Job Displacement and the Duration of Joblessness: The Role of Spatial Mismatch
This paper presents a new approach to the measurement of the effects of spatial mismatch that takes advantage of matched employer-employee administrative data integrated with a person-specific job accessibility measure, as well as demographic and neighborhood characteristics. The basic hypothesis is that if spatial mismatch is present, then improved accessibility to appropriate jobs should shorten the duration of unemployment. We focus on lower-income workers with strong labor force attachment searching for employment after being subject to a mass layoff - thereby focusing on a group of job searchers that are plausibly searching for exogenous reasons. We construct person-specific measures of job accessibility based upon an empirical model of transport modal choice and network travel-time data, giving variation both across neighborhoods in nine metropolitan areas, as well as across neighbors. Our results support the spatial mismatch hypothesis. We find that better job accessibility significantly decreases the duration of joblessness among lower-paid displaced workers. Blacks, females, and older workers are more sensitive to job accessibility than other subpopulations.
Any opinions expressed in this document are those of the authors and do not necessarily represent the views of the Office of the Comptroller of the Currency or the U.S. Census Bureau. All results have been reviewed to ensure that no confidential information is disclosed. The authors thank the discussants and participants at numerous seminars and conferences for their comments on earlier versions of this research, including the Urban Economics Association (2010), the American Real Estate and Urban Economics Association/Allied Social Sciences Association (2011), the Urban Economics Association (2011), the Society of Labor Economists (2012), the Census Bureau Center for Economic Studies (2012), and the Federal Reserve Bank of Atlanta Comparative Analysis of Enterprise Data Conference (2013). We also are thankful for early comments on this research from Kevin McKinney and Ron Jarmin. We also thank Sheharyar Bokhari for significant assistance with the transportation network data and modeling. This research uses data from the Census Bureau's Longitudinal Employer-Household Dynamics (LEHD) Program, which was partially supported by the following grants: National Science Foundation (NSF) SES-9978093, SES-0339191 and ITR-0427889; National Institute on Aging AG018854; and grants from the Alfred P. Sloan Foundation. The research for this project was also supported by a grant from the MacArthur Foundation. The views expressed herein are those of the authors and do not necessarily reflect the views of the National Bureau of Economic Research.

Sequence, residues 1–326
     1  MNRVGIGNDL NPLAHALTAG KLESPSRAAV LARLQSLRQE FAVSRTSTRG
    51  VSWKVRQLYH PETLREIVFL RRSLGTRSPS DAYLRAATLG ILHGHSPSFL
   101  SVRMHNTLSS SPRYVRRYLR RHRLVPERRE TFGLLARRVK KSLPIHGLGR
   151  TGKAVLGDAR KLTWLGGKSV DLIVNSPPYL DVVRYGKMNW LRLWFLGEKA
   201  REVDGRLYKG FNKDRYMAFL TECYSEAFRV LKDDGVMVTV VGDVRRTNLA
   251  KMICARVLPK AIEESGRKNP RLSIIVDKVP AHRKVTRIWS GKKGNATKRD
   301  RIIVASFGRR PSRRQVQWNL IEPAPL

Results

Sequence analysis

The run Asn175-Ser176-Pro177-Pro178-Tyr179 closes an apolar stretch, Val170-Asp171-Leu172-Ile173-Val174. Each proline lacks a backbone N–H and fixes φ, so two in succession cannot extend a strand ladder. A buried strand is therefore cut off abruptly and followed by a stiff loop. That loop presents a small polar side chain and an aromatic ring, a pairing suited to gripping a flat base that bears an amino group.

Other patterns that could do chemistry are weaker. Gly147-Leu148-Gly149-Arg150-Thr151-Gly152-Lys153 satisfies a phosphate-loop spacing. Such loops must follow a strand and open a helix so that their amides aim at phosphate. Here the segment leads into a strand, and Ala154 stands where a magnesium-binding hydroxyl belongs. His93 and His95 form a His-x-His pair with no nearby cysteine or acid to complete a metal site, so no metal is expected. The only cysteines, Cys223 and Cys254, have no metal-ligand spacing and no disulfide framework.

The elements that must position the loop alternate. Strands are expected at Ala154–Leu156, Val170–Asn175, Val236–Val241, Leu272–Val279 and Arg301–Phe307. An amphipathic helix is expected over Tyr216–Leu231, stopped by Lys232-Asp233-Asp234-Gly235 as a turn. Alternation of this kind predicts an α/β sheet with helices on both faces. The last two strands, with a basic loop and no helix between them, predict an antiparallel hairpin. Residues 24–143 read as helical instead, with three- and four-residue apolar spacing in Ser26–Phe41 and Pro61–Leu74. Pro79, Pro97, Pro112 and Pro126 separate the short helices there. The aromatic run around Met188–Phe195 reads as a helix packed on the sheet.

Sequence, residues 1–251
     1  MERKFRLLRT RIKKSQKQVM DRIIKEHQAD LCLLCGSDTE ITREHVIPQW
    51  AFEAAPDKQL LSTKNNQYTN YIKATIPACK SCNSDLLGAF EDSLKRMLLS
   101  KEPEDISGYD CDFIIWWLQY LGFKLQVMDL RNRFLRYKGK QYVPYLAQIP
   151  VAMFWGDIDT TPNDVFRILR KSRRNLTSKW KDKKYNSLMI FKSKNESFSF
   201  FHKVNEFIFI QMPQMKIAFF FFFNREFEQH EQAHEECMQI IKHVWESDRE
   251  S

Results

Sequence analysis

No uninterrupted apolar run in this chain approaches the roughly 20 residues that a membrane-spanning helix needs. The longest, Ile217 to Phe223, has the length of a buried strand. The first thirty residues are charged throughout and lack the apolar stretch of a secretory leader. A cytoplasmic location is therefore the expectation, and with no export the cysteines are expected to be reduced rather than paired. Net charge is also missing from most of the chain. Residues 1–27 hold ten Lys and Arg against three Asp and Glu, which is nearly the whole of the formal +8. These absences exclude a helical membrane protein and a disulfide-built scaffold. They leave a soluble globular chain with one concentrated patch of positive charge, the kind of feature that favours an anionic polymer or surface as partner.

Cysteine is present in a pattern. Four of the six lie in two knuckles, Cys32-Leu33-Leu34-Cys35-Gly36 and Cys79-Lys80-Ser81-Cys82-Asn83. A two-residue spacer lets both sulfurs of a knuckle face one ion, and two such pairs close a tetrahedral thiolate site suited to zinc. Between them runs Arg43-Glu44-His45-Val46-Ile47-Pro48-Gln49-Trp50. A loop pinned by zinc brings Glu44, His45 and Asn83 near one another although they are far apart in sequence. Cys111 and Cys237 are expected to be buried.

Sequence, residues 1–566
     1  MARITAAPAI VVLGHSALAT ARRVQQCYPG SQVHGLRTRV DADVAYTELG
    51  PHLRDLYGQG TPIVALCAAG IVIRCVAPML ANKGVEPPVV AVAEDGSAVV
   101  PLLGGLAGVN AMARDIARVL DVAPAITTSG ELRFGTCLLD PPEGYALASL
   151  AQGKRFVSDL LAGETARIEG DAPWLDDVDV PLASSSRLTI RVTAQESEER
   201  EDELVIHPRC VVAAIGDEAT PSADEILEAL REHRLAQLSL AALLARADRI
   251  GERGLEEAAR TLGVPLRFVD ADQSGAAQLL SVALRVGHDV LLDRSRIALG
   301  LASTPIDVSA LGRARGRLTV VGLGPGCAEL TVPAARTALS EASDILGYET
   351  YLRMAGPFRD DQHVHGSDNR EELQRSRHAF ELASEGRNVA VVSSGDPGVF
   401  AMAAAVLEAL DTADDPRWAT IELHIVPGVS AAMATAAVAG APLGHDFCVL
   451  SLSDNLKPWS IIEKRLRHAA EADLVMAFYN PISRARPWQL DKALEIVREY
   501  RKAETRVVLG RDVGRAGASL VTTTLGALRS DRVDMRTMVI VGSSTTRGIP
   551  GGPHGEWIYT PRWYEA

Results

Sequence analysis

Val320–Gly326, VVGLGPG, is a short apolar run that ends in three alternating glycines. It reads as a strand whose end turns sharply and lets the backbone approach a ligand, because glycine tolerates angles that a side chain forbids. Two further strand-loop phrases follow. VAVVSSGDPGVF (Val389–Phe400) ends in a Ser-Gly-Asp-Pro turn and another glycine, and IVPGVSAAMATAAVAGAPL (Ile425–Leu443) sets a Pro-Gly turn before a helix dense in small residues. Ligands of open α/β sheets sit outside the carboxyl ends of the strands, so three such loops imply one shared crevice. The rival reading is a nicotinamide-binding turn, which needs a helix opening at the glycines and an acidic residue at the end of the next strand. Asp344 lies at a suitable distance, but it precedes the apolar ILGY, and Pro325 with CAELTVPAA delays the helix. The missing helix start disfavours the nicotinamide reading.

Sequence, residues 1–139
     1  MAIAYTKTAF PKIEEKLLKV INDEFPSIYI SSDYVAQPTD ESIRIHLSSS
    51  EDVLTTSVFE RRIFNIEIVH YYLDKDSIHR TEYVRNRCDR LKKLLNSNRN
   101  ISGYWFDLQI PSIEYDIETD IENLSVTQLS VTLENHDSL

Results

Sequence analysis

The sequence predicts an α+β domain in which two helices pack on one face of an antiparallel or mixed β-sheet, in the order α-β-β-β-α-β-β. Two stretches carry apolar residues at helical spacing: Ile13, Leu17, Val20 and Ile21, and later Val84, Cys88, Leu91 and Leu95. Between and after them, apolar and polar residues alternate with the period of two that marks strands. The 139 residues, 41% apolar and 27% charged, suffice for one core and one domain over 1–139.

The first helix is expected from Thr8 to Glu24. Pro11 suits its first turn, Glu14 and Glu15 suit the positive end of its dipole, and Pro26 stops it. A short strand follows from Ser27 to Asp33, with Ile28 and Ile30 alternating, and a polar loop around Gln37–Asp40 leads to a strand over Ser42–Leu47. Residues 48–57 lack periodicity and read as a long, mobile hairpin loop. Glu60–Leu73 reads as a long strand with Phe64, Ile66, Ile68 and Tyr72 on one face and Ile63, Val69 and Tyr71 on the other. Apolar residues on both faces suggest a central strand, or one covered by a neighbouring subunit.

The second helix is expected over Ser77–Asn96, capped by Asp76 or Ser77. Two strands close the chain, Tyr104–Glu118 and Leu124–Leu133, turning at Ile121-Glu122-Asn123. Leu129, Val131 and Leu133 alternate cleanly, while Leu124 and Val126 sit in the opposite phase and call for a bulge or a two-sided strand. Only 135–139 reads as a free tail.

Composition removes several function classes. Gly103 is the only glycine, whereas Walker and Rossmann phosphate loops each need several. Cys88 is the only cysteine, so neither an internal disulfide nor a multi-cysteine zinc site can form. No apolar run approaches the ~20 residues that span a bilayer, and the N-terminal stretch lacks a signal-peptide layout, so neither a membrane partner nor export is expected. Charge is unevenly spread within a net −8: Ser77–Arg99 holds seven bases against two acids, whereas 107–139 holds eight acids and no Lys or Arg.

- ...better job accessibility significantly decreases the duration of joblessness among lower-paid displaced workers. Urban...
Job Displacement and the Duration of Joblessness: The Role of Spatial Mismatch Fredrik Andersson , John C. Haltiwanger , Mark J. Kutzbach , Henry O. Pollakowski , and Daniel H. Weinberg The Review of Economics and Statistics 0 0:0 citation courtesy of